Lu Dort hadn’t had a shot that wide open in six months. Last season, and especially in a playoff series against the Houston Rockets, opponents dared Dort to shoot 3s, identifying him as a rookie defensive specialist. On Wednesday night, he got one of those uncovered looks again, but this time it was with the seconds rapidly spinning off the clock.
Out of the hands of Al Horford came a pass. Dort caught, lifted and launched. As the ball splashed through the hoop, capping a 102-99 home win over the San Antonio Spurs, the second-year Thunder guard fell onto his back in euphoria, with his delirious teammates rushing over to dogpile on him.
“It felt good when it left my hand,” said Dort. “I was just staring at the ball and when it dropped in, I dropped too.”
The first arrivers were Darius Bazley and Shai Gilgeous-Alexander, who was the inbounds passer on Dort’s first-ever game-winning 3, making him just one of three players ever in Thunder history with a game-winning 3-pointer at the buzzer.
“They were all yelling in my face. Baze was really close to my face,” Dort laughed. “It just felt great seeing my teammates happy for me.”
“It really felt like a March Madness buzzer-beater,” said Horford. “A lot of energy. A lot of joy. A little surreal.”
Just 3.9 seconds stood on the clock when Thunder Head Coach Mark Daigneault called a timeout. Horford and rookie guard Théo Maledon had just forced a Patty Mills double-dribble in a tie-ball game, wrenching a last-shot opportunity away from the NBA’s least turnover-prone team. Horford received the inbounds pass, spun against an ill-timed lunge at the ball by Spurs center Jakob Poeltl and kicked it to the corner after Mills crashed over from his defensive assignment, Dort.
“Once I saw Poeltl overplayed I just decided to go to the basket and as soon as I saw Lu’s defender commit, the ball was out and he made a huge shot,” Horford explained.
The mental preparation was there for the Thunder. Horford noted that the Spurs had a foul to give, so he and his teammates expected an aggressive defense that would hawk for a steal. Dort mentioned that he knew Mills might help over on Horford, so he needed to be ready for a pass. That mental preparation applies to the work Dort has done to remain engaged and confident with his shot through the natural ups and downs of his shooting this season.
In December and January, Dort got off to a blistering start, shooting 40-of-105 (38.1 percent) from behind the arc, above league-average. In February, as the dogged schedule has put the Thunder to the test and Dort has appeared higher on opposing scouting reports, those 3-point numbers trailed off to 16-for-71 (22.5 percent). That was prior to Wednesday night’s 4-for-7 showing from deep, capped by a 3-for-4 fourth quarter where he scored 9 of his 16 total points.
“For these players it's about being in these situations and just drinking up the competition and learning the lessons,” said Mark Daigneault, who noted that Dort missed a similar late-game 3 against the Lakers earlier this season. “The more you're in these situations, the more comfortable you get and I give Lou a lot of credit for his resilience, through the ups and downs of his shooting this season.”
In addition to the game-winner, two more of Dort’s 3-pointers against the Spurs came inside the final four minutes of play, with the crunch-time pressure ratcheted to full-tilt. Both of his wing 3s came from the same spot on the right side of the floor, dropping in at the 3:36 mark (on another of Horford’s seven assists) and at the 3:10 mark on a pass from Maledon.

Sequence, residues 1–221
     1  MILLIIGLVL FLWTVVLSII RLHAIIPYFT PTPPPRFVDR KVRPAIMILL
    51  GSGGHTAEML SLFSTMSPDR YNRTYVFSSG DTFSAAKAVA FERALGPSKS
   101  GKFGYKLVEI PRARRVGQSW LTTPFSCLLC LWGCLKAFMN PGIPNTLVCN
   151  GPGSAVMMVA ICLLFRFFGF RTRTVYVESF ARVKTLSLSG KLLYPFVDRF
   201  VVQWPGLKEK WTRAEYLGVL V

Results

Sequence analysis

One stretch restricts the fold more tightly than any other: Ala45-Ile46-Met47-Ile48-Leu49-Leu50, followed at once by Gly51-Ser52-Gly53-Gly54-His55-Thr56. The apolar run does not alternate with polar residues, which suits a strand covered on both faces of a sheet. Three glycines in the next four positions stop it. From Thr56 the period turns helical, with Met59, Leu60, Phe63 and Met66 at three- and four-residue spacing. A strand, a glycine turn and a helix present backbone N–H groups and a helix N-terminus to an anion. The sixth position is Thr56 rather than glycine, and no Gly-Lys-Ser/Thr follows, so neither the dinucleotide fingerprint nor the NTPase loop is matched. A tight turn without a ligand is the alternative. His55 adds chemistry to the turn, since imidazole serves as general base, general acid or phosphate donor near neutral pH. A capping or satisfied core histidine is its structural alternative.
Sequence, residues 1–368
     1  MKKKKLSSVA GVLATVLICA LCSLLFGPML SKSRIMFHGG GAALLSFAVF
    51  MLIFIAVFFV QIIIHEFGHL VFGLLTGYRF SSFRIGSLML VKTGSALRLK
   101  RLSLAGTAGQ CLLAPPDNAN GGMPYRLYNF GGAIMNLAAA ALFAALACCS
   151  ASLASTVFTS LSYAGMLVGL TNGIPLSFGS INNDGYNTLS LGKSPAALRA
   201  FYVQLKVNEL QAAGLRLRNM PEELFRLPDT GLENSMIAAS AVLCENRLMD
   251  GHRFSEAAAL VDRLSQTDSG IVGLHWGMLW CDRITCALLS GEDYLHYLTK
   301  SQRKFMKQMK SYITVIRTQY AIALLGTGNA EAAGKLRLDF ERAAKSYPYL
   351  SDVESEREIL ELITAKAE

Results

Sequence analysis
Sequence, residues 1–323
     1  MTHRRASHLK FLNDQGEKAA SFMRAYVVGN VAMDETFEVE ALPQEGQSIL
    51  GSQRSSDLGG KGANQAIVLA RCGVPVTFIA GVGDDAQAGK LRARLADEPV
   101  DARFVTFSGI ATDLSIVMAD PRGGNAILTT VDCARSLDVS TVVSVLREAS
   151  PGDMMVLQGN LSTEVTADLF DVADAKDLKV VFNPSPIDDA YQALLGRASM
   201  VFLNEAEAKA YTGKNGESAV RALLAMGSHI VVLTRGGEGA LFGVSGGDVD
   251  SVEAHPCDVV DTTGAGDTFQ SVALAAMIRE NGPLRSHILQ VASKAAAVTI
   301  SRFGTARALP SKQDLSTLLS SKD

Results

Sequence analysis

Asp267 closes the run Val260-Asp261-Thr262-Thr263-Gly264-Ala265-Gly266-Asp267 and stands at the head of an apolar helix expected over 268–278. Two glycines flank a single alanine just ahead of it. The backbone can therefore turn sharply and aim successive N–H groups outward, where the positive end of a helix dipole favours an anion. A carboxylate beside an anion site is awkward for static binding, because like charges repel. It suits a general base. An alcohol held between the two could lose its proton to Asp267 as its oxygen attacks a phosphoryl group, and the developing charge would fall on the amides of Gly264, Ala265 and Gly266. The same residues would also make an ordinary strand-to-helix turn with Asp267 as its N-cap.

Dort, at 21 years old “starts at the bottom of the mountain every night” as Daigneault says when charged with defending the opposition’s best scorer and is doing the job at All-Defensive Team levels. On the other end, he’s emerging as a true 3-point threat and an attacker who can run pick-and-roll and put pressure on the rim.
“He's really an elite defender and every night he has the biggest challenge on the other team and he takes that along,” Horford said. “I believe that even though he's still very young, he's one of the better defenders in the league. He's proven that so far. I just think that offensively the game continues to come to him. He continues to work and get after it. He came through for us in the clutch when we needed him. He made some big shots time after time.”
“Lu’s changed it around, changed the narrative,” said Gilgeous-Alexander. “It’s just him working hard, not getting down on himself, being confident and when you work hard, confidence comes with it. You’re seeing it before your eyes.”
The fact that Dort hit not only hit those shots but is a fully-trusted primary option for a clutch 3 speaks to the dedication to the work he’s put in and the development he’s undergone since arriving in Oklahoma City. It was the six-day-a-week workouts between August and November, the countless hours with Thunder development coaches and the mental toughness that served as primers for Dort’s heroic fourth quarter.
“For all of our players the loop that we're in is preparing as hard as we can, then competing and then reflecting and learning,” Daigneault said. “No one is a better example of someone that's committed to that process than Lou.”
“As it relates to shooting, he puts the work in and he prepares. He goes out there and takes the shots,” Daigneault added. “He competes and then when he when he has a tough shooting night, he gets back in the gym and just repeats the process. The consistency of his approach will produce consistent results over time.”